One of our recent advertisers, The Real Real, made me think of a cool language thing that’s been on my radar for a few years but that I haven’t covered yet. It’s the doubling of words to show that something is, well, real. I think the first time I heard it was in this ad for the 2015 Ikea catalog: The announcer describes the print catalog as a “book-book.”
Introducing the 2015 Ikea catalog. It’s not a digital book or an ebook, it’s a book-book. The first thing to note is no cables. Not even a power cable. The 2015 Ikea catalog comes fully charged and the battery life is eternal.
He goes on to talk about tactile technology—turning the page with your finger—and how the content comes preinstalled. It’s fabulous. My husband and I both loved it, and because he prefers print books, and I usually prefer ebooks, to this day we still use “book-book” a lot in our house when we’re talking about his books or when I get a physical book in the mail. “Ooh look! You got a book-book!” (It might be a stretch for Ikea to consider its catalog a book, but the point that they were talking about a physical publication was still abundantly clear.)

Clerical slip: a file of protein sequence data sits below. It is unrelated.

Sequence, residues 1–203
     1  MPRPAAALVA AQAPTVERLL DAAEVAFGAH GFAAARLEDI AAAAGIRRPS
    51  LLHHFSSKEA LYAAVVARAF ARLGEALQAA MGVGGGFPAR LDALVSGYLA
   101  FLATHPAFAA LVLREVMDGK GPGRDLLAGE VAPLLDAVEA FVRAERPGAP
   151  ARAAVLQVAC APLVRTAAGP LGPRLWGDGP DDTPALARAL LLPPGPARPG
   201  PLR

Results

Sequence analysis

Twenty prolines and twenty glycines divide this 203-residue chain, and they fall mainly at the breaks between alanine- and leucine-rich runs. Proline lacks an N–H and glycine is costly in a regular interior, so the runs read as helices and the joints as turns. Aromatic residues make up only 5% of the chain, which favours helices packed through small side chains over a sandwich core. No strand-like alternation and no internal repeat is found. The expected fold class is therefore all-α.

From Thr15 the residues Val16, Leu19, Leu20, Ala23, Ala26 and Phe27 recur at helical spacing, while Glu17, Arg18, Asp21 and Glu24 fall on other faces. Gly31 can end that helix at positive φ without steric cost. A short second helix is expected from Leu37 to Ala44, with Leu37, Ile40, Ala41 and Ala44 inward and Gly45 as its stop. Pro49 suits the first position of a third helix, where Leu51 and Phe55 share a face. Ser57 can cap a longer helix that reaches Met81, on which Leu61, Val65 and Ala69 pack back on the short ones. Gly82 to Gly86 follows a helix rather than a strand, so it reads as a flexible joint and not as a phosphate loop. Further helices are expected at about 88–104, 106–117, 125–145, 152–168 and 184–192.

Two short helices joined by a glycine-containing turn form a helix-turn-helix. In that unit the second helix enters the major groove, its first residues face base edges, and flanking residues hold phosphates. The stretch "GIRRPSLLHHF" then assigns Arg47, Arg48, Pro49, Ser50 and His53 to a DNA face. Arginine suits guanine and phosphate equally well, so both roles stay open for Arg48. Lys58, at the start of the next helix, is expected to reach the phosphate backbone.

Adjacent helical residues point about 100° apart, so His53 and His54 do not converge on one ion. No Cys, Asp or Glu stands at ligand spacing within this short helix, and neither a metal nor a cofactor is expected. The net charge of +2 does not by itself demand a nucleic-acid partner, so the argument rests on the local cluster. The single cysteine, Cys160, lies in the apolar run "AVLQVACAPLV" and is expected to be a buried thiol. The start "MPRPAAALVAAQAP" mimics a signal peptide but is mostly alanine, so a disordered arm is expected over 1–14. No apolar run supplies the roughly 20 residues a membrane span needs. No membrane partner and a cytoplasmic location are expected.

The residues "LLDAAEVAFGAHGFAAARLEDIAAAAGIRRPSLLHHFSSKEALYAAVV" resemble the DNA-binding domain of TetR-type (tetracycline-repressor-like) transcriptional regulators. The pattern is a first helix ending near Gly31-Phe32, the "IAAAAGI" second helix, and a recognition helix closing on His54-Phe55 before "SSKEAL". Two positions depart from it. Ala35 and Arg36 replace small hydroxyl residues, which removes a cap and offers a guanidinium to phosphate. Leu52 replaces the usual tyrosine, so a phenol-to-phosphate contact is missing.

Then, a couple of months ago, the Food and Drug Administration in the U.S. was debating whether it would allow producers to use the word “milk” for products like almond milk and soy milk. According to CNBC, people are drinking a lot more of these kinds of plant-based milks, so the dairy industry has spent more than $2 million lobbying this year, which I imagine could be a reason the FDA is suddenly worried that consumers are being misled about the nutritional value of these non-dairy “milk” products.
And the way I immediately thought about that story was that the FDA was considering limiting the word “milk” so producers could only use it to refer to “milk-milk.” In other words, the original liquid people think of when they think of milk. From what I understand, a law was passed in the EU in 2017 that does stop marketers from using the word “milk” for what some people refer to as—the word fun never stops—“cow-nterfeits.”
Contrastive Focus Reduplication
But doublets like “book-…